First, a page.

Yet more credit crunchiness


in what is perhaps an attempting to emulate the prudence of his predecessor, Chancellor Darling has called for banks to be more cautious in their lending practices. This call might go unheeded by the banks, but the credit boom is over.

The rising costs of borrowing, fuelled by the global credit crunch, have led to an increase in the number of people seeking debt advice

[The Citizens Advice Bureau] said the figures illustrated how the consumer credit boom of the past decade – characterised by an easy availability of cheap credit and by people taking on more and more debt – had turned sour for many.

“These figures are worrying evidence that while many have enjoyed the benefits of the credit boom, a large and growing number of people continue to pay the price,” said David Harker, CAB’s chief executive.

Bankruptcy-related enquiries rose 50% last year, while the number of people requiring help with their overdrafts rose 14%. Mortgage-related enquiries rose by 11%.

Most disturbing of all, the CAB argued, was a 33% rise in the number of people struggling to pay their energy bills and a 25% rise in enquiries about council tax payments.

So when the Northern Rock successfully requested emergency support from the Bank of England, it is not surprising that queues quickly formed outside bank branches as savers sought to retrieve their much needed money.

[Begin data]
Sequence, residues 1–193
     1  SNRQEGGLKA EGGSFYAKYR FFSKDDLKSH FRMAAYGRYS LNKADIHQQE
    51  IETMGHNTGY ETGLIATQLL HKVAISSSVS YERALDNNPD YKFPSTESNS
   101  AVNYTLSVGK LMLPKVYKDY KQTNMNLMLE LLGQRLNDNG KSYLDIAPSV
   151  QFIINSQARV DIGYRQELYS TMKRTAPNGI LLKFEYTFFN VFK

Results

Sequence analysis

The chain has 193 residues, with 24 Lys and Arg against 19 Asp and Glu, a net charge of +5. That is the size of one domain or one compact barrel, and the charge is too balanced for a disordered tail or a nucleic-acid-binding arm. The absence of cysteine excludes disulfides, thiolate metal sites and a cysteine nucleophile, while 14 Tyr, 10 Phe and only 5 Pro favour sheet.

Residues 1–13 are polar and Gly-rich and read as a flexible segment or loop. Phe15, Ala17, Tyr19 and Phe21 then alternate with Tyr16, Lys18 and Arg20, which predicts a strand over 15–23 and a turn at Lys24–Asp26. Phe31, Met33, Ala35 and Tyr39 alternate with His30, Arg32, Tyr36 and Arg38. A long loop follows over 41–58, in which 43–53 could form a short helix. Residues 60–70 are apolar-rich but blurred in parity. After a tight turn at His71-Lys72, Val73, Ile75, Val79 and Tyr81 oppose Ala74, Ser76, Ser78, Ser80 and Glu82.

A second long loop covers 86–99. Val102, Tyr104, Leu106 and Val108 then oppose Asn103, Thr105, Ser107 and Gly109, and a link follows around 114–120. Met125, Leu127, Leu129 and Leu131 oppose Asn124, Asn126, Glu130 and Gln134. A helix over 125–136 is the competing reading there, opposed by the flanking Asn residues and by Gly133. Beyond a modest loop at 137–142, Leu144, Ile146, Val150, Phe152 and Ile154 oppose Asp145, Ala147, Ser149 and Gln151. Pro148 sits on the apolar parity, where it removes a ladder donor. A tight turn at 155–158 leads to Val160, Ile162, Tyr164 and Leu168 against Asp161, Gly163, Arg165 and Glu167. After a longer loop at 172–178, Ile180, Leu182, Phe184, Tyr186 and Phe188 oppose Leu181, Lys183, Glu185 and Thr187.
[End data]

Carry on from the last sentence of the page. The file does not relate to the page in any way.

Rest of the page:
As for the UK economy, the “worst case scenario” is that growth will be 1% lower in 2008/9, according to a report by the Ernst & Young Item Club:

“Despite the very different dynamics of supply and demand in the UK, it is possible that this slow-down will prove contagious to the housing market this side of the Atlantic,” Professor Spencer said.

He added that about two million UK borrowers who had fixed rate mortgages faced a tough time when those deals expired.

“When they do they are likely to see far more stringent terms around the conditions that UK lenders offer as well as an uplift in the monthly cost,” Mr Spencer said.

The Item Club added that the US could expect to see a 1.5% cut in growth next year with Europe as a whole seeing economic expansion slow by a lesser amount than the UK.

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